The future

The future of eRepublik, the next thousand days, could go one of two ways. Firstly, the admins could continue down the well-trodden path. It is understood that eRepublik is a legacy game in the studio. It was their first major product, gave the studio their name, and is nostalgic for some of the older people in the company. But it doesn’t bring in much money, it doesn’t really deliver anything, there’s no app based microtransactions and it’s very complicated for today’s market.

On this path, the admins would continue to patch over problems, and the community would continue to shrink. Would this mean the end of the game? Perhaps not. Firstly because running it is not expensive, and secondly because the last five years have shown the game has an extremely dedicated community which will stick through anything, and continue to spend money. So this is the safe path- a gradual wind down that ends at some indeterminate point in the future. Like Zeno’s paradox, a target that seems to shift slightly further away each time it is measured.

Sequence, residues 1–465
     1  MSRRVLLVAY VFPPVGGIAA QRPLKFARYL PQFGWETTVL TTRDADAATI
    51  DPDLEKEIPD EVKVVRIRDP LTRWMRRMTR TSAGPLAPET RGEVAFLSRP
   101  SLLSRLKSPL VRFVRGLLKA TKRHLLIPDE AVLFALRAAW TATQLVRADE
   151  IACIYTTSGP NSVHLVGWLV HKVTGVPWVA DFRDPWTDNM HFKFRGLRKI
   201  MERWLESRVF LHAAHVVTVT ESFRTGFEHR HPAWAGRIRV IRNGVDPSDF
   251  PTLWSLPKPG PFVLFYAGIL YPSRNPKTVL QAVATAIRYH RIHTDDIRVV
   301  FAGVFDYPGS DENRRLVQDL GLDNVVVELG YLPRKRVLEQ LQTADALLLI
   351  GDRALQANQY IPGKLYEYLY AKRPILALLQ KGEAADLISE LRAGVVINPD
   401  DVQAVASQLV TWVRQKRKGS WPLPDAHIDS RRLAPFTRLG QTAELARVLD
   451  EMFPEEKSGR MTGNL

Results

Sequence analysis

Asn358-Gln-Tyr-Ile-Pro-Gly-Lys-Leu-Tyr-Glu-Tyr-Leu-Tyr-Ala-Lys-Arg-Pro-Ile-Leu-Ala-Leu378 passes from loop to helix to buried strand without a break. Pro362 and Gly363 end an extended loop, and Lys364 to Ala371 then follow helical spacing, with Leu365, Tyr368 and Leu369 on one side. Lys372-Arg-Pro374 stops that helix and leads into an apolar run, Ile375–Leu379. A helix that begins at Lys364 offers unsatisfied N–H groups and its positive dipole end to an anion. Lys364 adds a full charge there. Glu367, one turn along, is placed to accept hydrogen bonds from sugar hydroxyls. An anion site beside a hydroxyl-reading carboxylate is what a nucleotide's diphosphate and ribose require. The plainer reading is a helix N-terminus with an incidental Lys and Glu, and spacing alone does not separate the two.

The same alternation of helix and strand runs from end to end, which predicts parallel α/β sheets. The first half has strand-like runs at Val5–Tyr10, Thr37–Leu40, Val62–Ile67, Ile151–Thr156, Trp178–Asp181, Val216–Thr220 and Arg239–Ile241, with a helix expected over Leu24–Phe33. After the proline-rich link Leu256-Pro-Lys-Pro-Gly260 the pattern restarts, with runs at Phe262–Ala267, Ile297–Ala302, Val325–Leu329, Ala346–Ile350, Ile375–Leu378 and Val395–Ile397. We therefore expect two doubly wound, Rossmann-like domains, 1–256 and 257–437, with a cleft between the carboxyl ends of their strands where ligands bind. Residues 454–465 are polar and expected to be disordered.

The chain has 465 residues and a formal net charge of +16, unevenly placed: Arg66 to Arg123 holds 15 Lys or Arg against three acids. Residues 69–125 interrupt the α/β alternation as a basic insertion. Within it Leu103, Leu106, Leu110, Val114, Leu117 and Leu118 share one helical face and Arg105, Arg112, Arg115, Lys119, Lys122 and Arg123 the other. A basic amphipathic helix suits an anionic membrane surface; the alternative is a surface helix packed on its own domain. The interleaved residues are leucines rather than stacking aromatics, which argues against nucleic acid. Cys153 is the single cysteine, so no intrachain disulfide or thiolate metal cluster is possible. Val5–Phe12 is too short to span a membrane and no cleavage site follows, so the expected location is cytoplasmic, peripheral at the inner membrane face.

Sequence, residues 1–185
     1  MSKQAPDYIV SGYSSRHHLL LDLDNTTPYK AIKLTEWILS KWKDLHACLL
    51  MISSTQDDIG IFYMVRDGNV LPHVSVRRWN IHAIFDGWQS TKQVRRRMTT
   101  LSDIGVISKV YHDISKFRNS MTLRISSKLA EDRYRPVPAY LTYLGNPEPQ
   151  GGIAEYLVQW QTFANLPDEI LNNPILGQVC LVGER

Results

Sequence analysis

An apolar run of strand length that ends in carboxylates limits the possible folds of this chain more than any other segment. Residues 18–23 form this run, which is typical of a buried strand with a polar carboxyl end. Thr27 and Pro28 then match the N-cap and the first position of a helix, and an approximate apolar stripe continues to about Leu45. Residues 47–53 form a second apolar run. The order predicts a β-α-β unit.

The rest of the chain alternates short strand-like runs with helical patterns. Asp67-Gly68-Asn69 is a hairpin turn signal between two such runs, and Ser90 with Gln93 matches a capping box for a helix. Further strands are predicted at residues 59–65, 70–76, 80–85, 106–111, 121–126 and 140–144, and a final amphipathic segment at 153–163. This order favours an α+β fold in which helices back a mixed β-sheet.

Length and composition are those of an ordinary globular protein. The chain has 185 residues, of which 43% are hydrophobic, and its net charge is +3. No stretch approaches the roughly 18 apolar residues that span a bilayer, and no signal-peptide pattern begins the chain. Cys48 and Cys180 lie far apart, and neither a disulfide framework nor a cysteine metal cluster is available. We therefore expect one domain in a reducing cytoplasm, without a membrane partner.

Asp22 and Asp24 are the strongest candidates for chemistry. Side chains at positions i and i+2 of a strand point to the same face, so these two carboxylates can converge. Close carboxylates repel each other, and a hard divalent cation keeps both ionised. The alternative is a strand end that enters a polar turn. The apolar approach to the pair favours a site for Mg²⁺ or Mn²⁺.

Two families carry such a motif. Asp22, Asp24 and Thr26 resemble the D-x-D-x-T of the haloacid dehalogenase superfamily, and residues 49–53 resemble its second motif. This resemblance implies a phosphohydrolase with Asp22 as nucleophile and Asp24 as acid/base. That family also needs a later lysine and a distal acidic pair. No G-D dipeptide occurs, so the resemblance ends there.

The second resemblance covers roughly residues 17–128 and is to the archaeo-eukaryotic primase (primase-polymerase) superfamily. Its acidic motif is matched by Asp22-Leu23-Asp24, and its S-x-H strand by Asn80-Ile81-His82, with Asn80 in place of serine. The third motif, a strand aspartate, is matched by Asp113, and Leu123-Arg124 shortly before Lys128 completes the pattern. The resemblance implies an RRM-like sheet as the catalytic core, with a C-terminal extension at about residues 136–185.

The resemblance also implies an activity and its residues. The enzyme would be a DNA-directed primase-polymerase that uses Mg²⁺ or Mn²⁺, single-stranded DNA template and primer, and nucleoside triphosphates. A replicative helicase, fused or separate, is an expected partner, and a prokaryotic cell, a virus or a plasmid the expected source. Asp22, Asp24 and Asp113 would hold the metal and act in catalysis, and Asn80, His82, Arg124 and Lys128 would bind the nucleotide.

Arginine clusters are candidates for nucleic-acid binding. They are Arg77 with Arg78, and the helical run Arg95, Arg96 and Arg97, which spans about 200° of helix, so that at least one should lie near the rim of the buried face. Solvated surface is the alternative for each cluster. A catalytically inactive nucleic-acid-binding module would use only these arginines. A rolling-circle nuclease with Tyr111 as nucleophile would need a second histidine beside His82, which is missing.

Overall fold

The second option is to be brave. To innovate. And to change the way the game works entirely. We have already recognised in this article that eRepublik as we know it no longer exists. It died a death of a thousand cuts, and what we have now is a different game with the same name. As we discussed already, the problem is that this game was not created out of whole cloth. And so it does not synergise. The parts don’t work together, and some modules do not work at all. It functions- but barely.

The solution then is to throw the old system directly in the trash and start again. I don’t mean just push delete and roll back the game to 2008. That would never work. What I mean is to take these next 1000 days- or a sizeable portion of them - and design a new game. Call it eRepublik 2.0, the v2 that never was. To take all the essential components of the original eRepublik that really drew people to the game- the community, the national rivalry, the real world simulation- and use the lessons learned in the last decade to do it properly. With that amount of play-testing, a second version of eRepublik could be amazing. It’s been tried a hundred times by copycats, now it’s time for the original studio to perfect the original model.